Did you hack the pattern at all? If you were to hack it for your next version, what would you do?

I used stretch lace to hem the leg openings rather than fold-over elastic, so my bum doesn’t look lumpy under fitted garments.

Size: Size XS with extra 3/4” of ease added at the waist.

Measurements: 33, 27, 37 and I’m 5’ 4”.

Fabric: Some kind of mystery knit I found at Scrap years ago.

Sarai’s Margo Skirt

What does a “basic” mean to you?

I look for simple or classic shapes that can be made in versatile fabrics. I also look for comfort, because that’s a big deciding factor in how often I’ll wear something.

How do you feel when you wear your Margo skirt?

It’s super comfortable and easy to move around in! But it still has a feminine feel, since it’s clingy and has the little slits at the bottom. I feel comfortable but put together.

Did you hack the pattern at all? If you were to hack it for your next version, what would you do?

No hacks on this one! I think it could be fun to play with the slits, and maybe do a version with a back slit.

Size: Small

Measurements: 37”, 27.5", 38" and I’m 5’4”.

Fabric: Thick textured knit. It has a lot of spring and a spongy feel. I love this fabric!

Kathleen’s Shelly Leggings

What does a “basic” mean to you?

I think a basic is a garment that’s easy to make a part of your everyday style. Be it a pair of jeans that go with everything or a jacket with your face bedazzled on the back, what you are the most comfortable in is what you’re going to wear the most.

How do you feel when you wear your Shelly leggings?

When I wear my leggings, I am the most comfortable boss. Everyone loves them, and I love them more.

Did you hack the pattern at all? If you were to hack it for your next version, what would you do?

I didn’t do any major hacks. I did, however, put 3” elastic in the waistband.

Size: Large

Measurements: 38”, 33”, 44” and I’m 5’9”.

Fabric: Made from mystery office fabric. Likely a 4-way poly blend.

Chelsea’s Rory top and Everly skirt

What does a “basic” mean to you?

I tend to look for basics that are quick to sew up, that way I don’t get bogged down part way through and am less likely to finish that project! Obviously, comfort is super important, so I look for a basic that’s made for comfortable fabrics, or has ease in just the right spots, so I’m comfortable wearing it. Lately, I’ve really been needing to make more simple tops, thankfully the Rory top fits that bill for me!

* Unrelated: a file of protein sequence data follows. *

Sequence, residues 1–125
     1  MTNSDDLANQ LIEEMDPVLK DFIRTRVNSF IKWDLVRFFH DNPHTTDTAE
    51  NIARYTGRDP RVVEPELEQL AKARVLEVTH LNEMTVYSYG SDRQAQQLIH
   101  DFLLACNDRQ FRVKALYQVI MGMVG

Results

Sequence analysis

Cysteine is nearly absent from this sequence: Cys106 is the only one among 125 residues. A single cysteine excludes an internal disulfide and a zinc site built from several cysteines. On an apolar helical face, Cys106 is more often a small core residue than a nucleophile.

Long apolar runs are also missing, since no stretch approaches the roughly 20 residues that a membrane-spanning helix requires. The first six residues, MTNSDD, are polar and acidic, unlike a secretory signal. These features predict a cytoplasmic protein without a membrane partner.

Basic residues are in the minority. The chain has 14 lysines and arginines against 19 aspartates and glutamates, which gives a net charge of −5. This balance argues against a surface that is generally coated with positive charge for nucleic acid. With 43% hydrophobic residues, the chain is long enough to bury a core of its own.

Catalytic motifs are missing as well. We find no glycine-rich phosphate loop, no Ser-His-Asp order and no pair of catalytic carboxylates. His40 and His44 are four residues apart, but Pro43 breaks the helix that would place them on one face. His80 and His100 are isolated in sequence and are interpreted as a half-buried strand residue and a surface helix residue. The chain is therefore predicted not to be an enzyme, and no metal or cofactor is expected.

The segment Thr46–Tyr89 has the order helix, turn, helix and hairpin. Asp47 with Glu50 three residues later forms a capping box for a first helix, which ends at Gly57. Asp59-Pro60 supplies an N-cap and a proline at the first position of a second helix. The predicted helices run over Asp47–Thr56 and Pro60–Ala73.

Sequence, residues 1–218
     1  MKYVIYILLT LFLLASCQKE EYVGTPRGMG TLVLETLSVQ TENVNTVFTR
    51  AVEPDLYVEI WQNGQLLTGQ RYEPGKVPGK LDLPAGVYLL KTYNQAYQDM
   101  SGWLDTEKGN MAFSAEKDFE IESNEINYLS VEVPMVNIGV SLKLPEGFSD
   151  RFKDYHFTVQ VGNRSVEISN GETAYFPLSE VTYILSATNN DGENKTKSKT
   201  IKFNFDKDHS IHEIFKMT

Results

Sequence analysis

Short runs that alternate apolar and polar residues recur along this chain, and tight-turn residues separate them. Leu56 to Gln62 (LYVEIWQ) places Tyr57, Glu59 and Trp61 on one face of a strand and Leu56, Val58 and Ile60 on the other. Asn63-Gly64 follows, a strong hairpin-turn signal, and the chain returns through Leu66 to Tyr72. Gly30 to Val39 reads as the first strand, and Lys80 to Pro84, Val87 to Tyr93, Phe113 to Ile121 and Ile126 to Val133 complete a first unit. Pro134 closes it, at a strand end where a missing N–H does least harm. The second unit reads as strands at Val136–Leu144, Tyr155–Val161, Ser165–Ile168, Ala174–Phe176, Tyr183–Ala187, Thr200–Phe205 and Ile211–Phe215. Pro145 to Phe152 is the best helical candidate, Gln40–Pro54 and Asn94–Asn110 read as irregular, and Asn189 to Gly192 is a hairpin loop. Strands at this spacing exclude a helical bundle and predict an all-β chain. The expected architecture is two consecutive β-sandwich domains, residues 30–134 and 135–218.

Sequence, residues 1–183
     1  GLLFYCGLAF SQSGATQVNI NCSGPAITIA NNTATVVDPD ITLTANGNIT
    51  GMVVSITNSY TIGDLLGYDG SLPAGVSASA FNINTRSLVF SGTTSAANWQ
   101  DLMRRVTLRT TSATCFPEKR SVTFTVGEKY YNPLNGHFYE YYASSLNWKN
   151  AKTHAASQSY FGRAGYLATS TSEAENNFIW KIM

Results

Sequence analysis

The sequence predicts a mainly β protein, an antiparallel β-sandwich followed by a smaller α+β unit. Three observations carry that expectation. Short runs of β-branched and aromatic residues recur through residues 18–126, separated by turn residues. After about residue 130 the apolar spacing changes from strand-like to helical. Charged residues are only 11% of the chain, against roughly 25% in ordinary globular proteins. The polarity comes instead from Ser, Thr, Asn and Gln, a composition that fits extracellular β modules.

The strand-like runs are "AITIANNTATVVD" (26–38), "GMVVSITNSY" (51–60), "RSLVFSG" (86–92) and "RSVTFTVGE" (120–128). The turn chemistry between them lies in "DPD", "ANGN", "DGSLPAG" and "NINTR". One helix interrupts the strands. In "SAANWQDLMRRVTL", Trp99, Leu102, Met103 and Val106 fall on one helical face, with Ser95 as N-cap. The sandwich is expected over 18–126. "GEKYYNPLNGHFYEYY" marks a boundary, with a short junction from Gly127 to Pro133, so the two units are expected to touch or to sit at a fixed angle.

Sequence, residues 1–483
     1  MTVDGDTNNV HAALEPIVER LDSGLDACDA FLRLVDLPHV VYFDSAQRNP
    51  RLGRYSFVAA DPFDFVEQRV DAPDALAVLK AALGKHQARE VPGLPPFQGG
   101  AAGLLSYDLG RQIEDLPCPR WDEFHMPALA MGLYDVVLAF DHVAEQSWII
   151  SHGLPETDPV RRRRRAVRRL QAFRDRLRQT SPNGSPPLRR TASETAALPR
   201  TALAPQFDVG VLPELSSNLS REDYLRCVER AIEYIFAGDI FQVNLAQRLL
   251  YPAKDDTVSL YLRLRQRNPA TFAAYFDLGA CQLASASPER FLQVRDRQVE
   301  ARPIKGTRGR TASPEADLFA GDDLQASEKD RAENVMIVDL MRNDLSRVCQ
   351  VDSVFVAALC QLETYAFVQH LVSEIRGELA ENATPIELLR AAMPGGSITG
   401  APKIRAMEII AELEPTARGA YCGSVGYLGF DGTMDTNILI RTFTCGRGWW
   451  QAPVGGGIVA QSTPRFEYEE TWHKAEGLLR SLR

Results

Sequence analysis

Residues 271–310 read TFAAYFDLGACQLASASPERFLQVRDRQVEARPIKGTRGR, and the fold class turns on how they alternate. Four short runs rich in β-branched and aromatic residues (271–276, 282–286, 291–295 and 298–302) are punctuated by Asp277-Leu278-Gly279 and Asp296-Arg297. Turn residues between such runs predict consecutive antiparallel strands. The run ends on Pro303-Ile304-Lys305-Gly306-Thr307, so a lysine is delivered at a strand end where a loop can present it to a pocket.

For skirts, I like designs that aren’t fussy but still have an interesting detail. The Everly skirt is great for showing off a cute print or playing with contrast, thanks to the two layers. Also, being a quick and easy sew is important! Usually, waistbands are one of my least favorite parts of sewing a skirt, but since the Everly skirt uses bias binding, it’s so simple and quick.

How do you feel when you wear your Everly skirt and Rory top?

I’m so comfy! Even though it’s a simple top, the ties give it a cute detail, so it feels a little more ‘elevated’ than a typical T-shirt.

Did you hack the pattern at all? If you were to hack it for your next version, what would you do?

I didn’t hack this one since it was the first one I made, but there’s so much hacking ability with Rory. I would love to experiment with the tie, make it longer, move it to the front, etc.

For Everly, I did a contrast fabric for the underskirt and used a rolled hem for both layers. I could see playing with printed and solid fabric in the layers, or doing a fun contrast bias binding for the waistline!

Size: For the skirt, I made a size 8 graded to a 6 at the waist. For the top, I made a size 8 shortened by 2 1/2”.

Measurements: 37 1/2”, 29, 38 1/2” and I’m 5’ 2”.

Fabric: The top layer of the Everly skirt is a lightweight twill, and the bottom layer is chiffon. For the Rory top, I used a jersey knit from Art Gallery fabrics.

Download new patterns each month starting at $5.83

Use the techniques and ideas featured in each month’s issue to create these and other quick & lovely projects.